At YG Store, a showcase of Moonshot, a cosmetic brand sponsored by K-pop stars signed to YG Entertainment: G-Dragon (of Big Bang) and Dara (formerly of 2NE1). Photo by Lilian N.

Cities

Seoul Search: Shopping for Korean Beauty & Skin Care Products

Tips for getting the best K-Beauty deals.

Recently, Korean beauty, or K-beauty, has taken the US by storm. From YouTube beauty gurus to your BFF, Korean beauty products are on the recommended lists of many. This trend does not come as a surprise since K-pop and K-dramas just keep getting more popular. You can’t avoid seeing K-beauty on your timeline, from suggested routines to a flawless face to the latest popular products that should be on your shelves.

Stores in the US carry whole sections for Korean skin care—even at the drugstore. But if you’re anything like me, someone who spent most of my teenage years fangirling over Korean pop culture, you want to go to the source. Last summer, I went to Seoul and here are some tips I have for shopping for K-products in Seoul.

My go-to skin care kit: egg white face mask, green apple pore serum,
royal honey mask and emulsion.
photo by Lilian N.

Don’t fall into the duty-free trap
Big brands that can afford to expand to the US are often the same companies you’ll find in an airport terminal. You might be tempted to grab a few items before leaving South Korea; who wouldn’t want a souvenir that you can pat on your face during the flight? Yes, they might be tax-free, but they ain’t never on sale. And in the city, beauty stores are on just about every corner—and they’ve always got a sale going, especially if you go in the summer.

Next train stop: shopping
It’s not a secret that public transportation in Seoul is amazing; you’ll definitely find yourself on their trains as you get around exploring the city. There are usually shopping malls and stores right outside the stations—combine that with the fact that many trains take you to universities. These are the stops where you want to browse for beauty stores. I went to Ewha Womans University, Yonsei University, and Hongdae—the cultural hub of Seoul. Beauty stores sit side by side to cater to young university students, and it’s so conveniently located off a train station.

I bought these for $15.
photo by Ly Nguyen

When in Seoul
It’s always cheaper to buy products that are made in the country that you’re in. A local friend took me to an Aritaum shop (owned by Amorepacific, the largest beauty company in Korea), and the variety of products sold me. They have a good range of products from skin care to makeup, and a lot of sales. Olive Young is another popular name, and you can get some products here in the US but, alas, nothing beats going to the main stores. It’s like Korea’s Sephora, but with health supplements. The sample game is strong, much stronger than Sephora: you don’t even have to walk in to get the samples. There are sale people handing out free tiny samples of masks, lotions, serum, and other makeup goods on the street as you walk by. Skinfood is another Korean brand you might like: they are starting to gain popularity with a consistent following of skin care lovers in the US.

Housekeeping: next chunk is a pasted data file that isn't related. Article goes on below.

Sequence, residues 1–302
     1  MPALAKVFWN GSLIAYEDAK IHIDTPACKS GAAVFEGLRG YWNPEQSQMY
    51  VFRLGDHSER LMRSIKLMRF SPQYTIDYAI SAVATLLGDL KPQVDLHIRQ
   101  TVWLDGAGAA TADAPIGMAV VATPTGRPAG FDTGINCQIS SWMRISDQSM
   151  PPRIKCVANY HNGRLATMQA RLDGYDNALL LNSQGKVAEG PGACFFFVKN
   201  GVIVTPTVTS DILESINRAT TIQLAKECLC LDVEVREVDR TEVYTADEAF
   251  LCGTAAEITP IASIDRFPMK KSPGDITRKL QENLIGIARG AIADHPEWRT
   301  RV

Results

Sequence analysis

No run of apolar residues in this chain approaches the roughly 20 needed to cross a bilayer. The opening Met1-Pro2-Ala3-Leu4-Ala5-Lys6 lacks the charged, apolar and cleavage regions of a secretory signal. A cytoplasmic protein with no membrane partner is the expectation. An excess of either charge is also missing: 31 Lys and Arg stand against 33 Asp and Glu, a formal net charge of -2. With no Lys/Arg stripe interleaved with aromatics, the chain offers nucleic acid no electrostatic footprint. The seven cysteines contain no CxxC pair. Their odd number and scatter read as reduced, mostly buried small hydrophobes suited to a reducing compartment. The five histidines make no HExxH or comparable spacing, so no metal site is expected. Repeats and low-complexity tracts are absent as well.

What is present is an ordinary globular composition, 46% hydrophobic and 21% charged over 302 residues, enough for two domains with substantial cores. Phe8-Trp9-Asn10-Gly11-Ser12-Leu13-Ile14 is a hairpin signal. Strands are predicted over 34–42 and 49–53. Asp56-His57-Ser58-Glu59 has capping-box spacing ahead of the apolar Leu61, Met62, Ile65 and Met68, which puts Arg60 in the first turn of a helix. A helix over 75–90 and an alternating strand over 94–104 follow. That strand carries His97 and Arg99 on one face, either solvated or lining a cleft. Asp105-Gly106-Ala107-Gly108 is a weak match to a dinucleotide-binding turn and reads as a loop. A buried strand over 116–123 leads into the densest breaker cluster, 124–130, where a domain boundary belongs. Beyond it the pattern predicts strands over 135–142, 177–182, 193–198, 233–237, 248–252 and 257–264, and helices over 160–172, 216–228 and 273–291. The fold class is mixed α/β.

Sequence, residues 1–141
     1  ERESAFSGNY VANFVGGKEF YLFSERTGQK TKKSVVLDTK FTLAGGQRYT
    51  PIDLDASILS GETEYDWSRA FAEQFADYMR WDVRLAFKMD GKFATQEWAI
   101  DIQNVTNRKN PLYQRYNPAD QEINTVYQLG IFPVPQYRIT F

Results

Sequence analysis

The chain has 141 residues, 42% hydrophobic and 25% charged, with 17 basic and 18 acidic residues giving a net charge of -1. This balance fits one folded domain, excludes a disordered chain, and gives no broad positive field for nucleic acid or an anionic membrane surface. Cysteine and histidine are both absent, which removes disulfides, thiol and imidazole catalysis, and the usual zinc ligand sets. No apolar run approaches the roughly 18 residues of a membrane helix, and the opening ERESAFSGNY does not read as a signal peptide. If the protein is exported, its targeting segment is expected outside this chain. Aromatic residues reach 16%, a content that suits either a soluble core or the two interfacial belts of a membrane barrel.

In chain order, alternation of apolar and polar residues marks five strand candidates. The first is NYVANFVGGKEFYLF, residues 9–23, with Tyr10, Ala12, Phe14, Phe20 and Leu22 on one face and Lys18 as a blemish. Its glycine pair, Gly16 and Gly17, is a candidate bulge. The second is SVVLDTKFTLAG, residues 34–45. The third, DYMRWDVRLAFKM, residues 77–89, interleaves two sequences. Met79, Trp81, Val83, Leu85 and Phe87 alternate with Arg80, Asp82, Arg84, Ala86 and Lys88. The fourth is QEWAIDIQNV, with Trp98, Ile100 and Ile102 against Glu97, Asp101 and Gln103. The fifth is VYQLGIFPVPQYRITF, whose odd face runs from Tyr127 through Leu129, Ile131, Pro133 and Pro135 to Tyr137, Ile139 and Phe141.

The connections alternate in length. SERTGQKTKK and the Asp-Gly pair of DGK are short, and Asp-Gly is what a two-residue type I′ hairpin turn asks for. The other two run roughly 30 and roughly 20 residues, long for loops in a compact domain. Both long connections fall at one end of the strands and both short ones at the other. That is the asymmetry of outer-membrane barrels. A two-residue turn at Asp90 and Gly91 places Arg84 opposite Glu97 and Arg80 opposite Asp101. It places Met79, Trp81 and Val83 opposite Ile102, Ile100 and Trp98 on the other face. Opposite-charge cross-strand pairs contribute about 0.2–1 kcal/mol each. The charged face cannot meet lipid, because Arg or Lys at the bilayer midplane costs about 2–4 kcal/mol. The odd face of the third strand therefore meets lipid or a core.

The SMTOWN Building at COEX Mall in Gangnam.
photo by Lilian N.

Celebrity endorsements aren’t everything
Hallyu is the word used to describe the Korean government’s project to export Korean culture to the rest of the world, in which they use pop artists to serve as cultural ambassadors to draw in tourism and consumers. Seoul has designated hallyu districts for tourists; they are in all the brochures and travel guides. Places like Myeongdong and Dongdaemun often target tourists, and they sell at higher prices than stores elsewhere. Some very popular places for K-pop fans to visit, such as YG stores or SMTOWN, have their own brands of beauty products featuring good-looking male stars standing with their arms open and waiting for you . . .

Don’t fall for it—unless you care more about the stars than the products. The vast majority of shoppers in these areas are tourists, as local folks prefer quality over celebrity sheen. But you can still visit the area even if you won’t be shopping because you’ll literally get free samples just for walking by shopping districts like Myeongdong.

My mom’s best attempt at a photo. I asked her to
“take a cute picture of the bottle I gave to you last summer!”
photo by Lilian N.

Be adventurous and try products that you can’t get in the US
The internet gives you the opportunity to access many Korean beauty products if you’re willing to pay. I have been buying via eBay from online Korean sellers before K-products became so popular. Trendy products that drive us crazy here (like sheet masks) are just daily common things that you can buy in any convenience store. If you’re in Seoul, why not seek out more unusual products, like this hybrid of sunscreen and foundation? It also came out icy cold, like no product I’ve tried before, and was an instant hit for my dear mother who lives in a tropical country and is overexposed to sunlight.

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